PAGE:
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#16: Publisher Implosions

LBrownIII

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I can't believe I forgot this one

Byzantine Corporations

You sometimes see small publishers with as many imprints as they have titles. Going to their web site is an endless routine of clicking and clicking through many pages of cookie-cutter webpages. One such publisher who I won't name (but who was recently DELISTED from the Writer's Market Online) has at least 10 different imprints. Their best-selling title, by my estimate, has sold about 500 copies. This one's a pretty substantial tell, as it indicates that the publisher's main effort lies in ego-stroking rather than selling books. A proliferation of imprints or "divisions" exists only to inflate the publisher's size and importance.
 

JLowder

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Re: I can't believe I forgot this one

LBrownIII said:
Byzantine Corporations

You sometimes see small publishers with as many imprints as they have titles. Going to their web site is an endless routine of clicking and clicking through many pages of cookie-cutter webpages. One such publisher who I won't name (but who was recently DELISTED from the Writer's Market Online) has at least 10 different imprints. Their best-selling title, by my estimate, has sold about 500 copies. This one's a pretty substantial tell, as it indicates that the publisher's main effort lies in ego-stroking rather than selling books. A proliferation of imprints or "divisions" exists only to inflate the publisher's size and importance.
Imprints can have a valid purpose--if a publisher wants people to identify a certain line as a mystery line, another as an SF line, and so on. Of course, for an imprint to be valid, it needs to have enough releases to establish and maintain that identity.

And larger corporations are awash in imprints. Take the Bertelsmann Group. In addition to the BMG record group, newspapers, magazines, large chunks of AOL in Europe, a big piece of Barnes & Noble online, and various broadcasting stations and production companies, Bertelsmann owns the following book imprints (and this doesn't even list sub-imprints or lines):

Bantam Doubleday Dell group
Bantam Books
Doubleday
Dell - Delacorte
Broadway Books
Bantam Doubleday Dell Books for Young Readers
Bantam Doubleday Audio
Bantam Books Canada
Doubleday Canada
Transworld Publishers (UK, Australia, New Zealand)
Doubleday Direct (direct marketing book operations)
Literary Guild
Doubleday Book Club
Crossings
Random House
Random House Trade Publishing Group
Random House Information Publishing Group
Knopf Publishing Group
Crown Publishing Group
Ballantine Publishing Group
Random House Children's Publishing
Random House Audio
Random House Value Publishing
Fodors Travel Publications
Random House New Media
Random House Canada, UK, Australia, New Zealand, South Africa
Barrie & Jenkins
Bodley Head
Jonathan Cape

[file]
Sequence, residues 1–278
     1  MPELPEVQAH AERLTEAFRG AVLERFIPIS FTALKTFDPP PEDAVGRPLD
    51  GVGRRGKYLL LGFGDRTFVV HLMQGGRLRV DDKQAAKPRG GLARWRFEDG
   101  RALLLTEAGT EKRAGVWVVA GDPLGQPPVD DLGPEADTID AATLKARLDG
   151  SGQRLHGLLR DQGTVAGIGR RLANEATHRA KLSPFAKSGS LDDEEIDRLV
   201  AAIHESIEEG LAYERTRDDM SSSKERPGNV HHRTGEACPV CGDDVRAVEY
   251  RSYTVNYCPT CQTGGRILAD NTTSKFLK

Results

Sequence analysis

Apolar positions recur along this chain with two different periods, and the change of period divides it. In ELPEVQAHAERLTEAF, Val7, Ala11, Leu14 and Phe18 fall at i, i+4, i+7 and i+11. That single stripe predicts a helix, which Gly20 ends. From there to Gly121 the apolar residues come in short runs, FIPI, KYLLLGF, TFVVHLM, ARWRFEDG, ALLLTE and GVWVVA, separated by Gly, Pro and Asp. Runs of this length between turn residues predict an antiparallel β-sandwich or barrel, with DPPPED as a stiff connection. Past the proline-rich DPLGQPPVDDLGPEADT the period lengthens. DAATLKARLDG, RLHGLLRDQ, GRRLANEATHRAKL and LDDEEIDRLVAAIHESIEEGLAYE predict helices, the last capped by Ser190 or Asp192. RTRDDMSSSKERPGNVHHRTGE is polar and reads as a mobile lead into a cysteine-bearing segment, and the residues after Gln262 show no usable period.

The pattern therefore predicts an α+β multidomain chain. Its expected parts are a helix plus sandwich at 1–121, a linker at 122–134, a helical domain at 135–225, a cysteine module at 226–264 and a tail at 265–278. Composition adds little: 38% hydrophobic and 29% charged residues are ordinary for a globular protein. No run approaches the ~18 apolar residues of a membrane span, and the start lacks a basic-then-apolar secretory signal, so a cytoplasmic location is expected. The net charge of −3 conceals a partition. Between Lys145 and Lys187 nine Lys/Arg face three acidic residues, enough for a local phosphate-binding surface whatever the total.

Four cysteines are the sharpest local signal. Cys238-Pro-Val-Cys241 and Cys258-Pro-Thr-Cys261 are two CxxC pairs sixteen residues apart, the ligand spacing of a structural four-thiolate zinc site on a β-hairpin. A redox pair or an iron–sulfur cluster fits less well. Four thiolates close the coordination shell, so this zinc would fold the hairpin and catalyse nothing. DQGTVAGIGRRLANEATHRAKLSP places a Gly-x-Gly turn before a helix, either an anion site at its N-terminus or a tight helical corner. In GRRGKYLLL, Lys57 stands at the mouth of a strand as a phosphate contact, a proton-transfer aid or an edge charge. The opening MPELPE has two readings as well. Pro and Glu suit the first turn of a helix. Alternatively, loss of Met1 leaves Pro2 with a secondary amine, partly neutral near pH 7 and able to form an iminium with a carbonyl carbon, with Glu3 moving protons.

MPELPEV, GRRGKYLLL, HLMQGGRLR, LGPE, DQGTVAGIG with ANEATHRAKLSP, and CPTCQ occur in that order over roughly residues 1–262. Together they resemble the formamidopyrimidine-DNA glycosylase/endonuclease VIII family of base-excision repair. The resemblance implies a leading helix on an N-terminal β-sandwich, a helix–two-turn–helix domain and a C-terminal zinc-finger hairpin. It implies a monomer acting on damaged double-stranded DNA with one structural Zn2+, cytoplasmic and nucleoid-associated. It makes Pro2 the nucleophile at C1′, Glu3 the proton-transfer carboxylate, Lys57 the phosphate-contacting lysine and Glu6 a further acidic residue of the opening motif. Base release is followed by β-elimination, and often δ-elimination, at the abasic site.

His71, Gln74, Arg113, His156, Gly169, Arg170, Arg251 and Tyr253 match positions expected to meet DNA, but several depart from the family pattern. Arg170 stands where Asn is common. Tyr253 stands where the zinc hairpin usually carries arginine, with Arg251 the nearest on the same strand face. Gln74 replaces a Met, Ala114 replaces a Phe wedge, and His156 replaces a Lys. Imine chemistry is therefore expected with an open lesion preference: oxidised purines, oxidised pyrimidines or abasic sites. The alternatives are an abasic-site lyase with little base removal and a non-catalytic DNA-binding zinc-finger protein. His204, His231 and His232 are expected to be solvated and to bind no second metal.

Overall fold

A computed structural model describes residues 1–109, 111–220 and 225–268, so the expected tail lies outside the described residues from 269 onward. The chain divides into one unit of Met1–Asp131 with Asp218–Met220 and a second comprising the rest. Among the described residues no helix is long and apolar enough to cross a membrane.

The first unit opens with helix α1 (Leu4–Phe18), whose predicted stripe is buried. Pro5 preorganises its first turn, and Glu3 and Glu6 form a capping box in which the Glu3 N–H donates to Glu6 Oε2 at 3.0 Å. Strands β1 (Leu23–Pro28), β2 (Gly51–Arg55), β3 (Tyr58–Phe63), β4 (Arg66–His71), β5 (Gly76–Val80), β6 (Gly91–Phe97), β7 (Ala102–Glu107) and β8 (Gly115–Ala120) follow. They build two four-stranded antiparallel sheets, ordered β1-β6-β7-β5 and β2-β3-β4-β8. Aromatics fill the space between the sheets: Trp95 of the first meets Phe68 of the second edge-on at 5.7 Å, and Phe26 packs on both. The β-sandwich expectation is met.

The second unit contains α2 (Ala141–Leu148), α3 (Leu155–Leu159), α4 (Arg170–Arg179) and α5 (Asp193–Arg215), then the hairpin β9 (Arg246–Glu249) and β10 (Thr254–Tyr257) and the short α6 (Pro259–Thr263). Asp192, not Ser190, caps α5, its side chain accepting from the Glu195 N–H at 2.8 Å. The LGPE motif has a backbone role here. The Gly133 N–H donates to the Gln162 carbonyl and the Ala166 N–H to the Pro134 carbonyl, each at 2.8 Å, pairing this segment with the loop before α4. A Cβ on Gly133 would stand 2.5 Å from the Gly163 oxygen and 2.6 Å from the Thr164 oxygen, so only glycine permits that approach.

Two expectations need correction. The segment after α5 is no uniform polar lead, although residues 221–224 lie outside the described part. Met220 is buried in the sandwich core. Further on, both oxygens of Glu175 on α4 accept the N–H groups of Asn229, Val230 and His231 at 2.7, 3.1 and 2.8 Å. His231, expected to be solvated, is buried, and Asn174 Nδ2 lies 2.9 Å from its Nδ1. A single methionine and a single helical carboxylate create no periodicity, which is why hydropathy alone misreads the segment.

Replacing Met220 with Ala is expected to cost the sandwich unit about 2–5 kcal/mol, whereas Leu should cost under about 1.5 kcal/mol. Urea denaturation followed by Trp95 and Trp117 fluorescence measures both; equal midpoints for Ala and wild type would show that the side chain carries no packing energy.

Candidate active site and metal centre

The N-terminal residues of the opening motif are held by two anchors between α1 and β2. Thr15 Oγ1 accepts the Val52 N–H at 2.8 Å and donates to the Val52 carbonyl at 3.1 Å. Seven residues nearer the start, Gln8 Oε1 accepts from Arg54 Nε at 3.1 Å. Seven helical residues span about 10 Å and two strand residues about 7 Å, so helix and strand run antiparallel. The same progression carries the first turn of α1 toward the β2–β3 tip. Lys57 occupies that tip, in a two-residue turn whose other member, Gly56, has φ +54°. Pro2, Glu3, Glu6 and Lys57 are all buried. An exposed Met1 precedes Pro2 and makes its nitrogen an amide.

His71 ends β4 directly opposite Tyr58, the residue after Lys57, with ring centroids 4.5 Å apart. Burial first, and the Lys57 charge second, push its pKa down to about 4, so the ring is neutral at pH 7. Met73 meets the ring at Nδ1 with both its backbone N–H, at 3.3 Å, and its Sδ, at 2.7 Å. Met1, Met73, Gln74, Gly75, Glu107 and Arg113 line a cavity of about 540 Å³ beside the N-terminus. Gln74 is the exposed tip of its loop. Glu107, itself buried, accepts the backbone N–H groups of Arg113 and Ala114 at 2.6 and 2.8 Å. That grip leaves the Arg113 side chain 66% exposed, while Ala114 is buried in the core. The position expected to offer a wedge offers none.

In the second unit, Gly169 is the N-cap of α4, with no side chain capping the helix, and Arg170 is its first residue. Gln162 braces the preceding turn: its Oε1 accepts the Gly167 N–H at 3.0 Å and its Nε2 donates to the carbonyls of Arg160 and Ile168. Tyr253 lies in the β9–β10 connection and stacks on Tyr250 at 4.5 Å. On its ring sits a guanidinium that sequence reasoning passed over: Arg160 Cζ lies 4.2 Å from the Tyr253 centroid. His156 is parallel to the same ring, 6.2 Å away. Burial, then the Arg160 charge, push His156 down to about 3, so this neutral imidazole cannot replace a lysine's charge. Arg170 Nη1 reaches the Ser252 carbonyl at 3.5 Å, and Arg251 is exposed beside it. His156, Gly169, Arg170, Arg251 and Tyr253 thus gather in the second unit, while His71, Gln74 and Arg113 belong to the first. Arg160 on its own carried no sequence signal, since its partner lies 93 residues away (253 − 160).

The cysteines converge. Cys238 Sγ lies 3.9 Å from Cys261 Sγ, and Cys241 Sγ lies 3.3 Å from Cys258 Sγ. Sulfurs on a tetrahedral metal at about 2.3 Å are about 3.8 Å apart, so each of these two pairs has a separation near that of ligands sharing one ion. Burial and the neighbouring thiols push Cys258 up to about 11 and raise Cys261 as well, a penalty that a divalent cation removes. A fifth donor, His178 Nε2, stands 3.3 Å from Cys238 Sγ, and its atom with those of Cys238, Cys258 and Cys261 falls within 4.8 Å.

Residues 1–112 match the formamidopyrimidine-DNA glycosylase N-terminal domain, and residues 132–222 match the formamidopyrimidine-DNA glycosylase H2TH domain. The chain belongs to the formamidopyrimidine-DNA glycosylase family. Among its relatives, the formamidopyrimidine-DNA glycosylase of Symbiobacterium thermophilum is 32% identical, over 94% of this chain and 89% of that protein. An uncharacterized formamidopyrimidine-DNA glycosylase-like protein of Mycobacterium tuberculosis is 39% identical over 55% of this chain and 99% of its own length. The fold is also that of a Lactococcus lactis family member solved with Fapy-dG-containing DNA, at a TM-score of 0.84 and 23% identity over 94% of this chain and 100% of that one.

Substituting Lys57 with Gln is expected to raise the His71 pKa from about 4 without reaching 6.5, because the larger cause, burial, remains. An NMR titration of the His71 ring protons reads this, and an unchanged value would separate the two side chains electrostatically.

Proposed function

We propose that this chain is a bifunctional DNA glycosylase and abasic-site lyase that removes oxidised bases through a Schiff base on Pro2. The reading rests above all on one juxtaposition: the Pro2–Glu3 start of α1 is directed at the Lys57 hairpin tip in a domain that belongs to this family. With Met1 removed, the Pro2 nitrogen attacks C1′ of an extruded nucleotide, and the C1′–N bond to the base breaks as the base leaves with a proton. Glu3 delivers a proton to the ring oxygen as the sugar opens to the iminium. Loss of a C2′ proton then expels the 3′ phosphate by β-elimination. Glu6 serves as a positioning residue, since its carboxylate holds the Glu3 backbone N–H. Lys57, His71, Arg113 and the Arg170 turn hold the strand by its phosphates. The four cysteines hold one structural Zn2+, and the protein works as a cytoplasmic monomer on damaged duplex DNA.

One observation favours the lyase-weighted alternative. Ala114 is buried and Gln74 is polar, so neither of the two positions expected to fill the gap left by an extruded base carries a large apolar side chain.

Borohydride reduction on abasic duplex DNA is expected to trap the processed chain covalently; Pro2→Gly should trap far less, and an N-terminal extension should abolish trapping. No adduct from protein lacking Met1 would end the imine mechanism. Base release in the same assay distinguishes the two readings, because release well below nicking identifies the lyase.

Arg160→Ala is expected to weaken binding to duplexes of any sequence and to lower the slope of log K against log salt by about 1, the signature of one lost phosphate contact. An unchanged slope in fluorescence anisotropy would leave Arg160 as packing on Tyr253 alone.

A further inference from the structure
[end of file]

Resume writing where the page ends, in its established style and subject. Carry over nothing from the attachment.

Century
Chatto & Windus
Doubleday
Ebury Press
Expert Books
Hutchinson
Julia MacRae
Partridge
Stanley Paul
Pimlico
Secker & Warburg
Sinclair Stevenson
Tellastory
Transworld
Yellow Jersey
Arrow
Black Swan
Corgi
Dell
Fodor's
Mandarin
Minerva
Red Fox
Sweet Valley
Vermilion
Vintage
Bee Book
Bertelsmann Lexikon Verlag
Donauland
Science Fiction Book Club
Bold Type

Cheers,
Jim Lowder
 

LBrownIII

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Re: I can't believe I forgot this one

I re-read my post, and I can see a source for possible confusion. I wrote " A proliferation of imprints or "divisions" exists only to inflate the publisher's size and importance."

It should have been "An unnecessary proliferation of imprints or divisions..."

Care to offer an opinion on how many titles it takes to justify an imprint?

The point still remains: if you can't tell which company owns which other company, or what this division's relationship is with that division, or why the same person answers 10 different e-mails, then it's all fluff meant to impress you.

Stay away.
 

JLowder

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Re: I can't believe I forgot this one

LBrownIII said:
Care to offer an opinion on how many titles it takes to justify an imprint?
Four titles a year--one per quarter. Fewer than that and you'll have a hard time convincing bookstore buyers that you're anything other than a vanity press or a tourist. Of course publishers can test the fiction market with less, or release the occasional fiction title as part of a larger publishing program, but to establish yourself as a fiction imprint, you need to have more frequent releases.

LBrownIII said:
The point still remains: if you can't tell which company owns which other company, or what this division's relationship is with that division, or why the same person answers 10 different e-mails, then it's all fluff meant to impress you.

Stay away.
Do most people really know that Bertelsmann owns Knopf and Dell and Del Rey and the rest? Does that really make them risks as markets?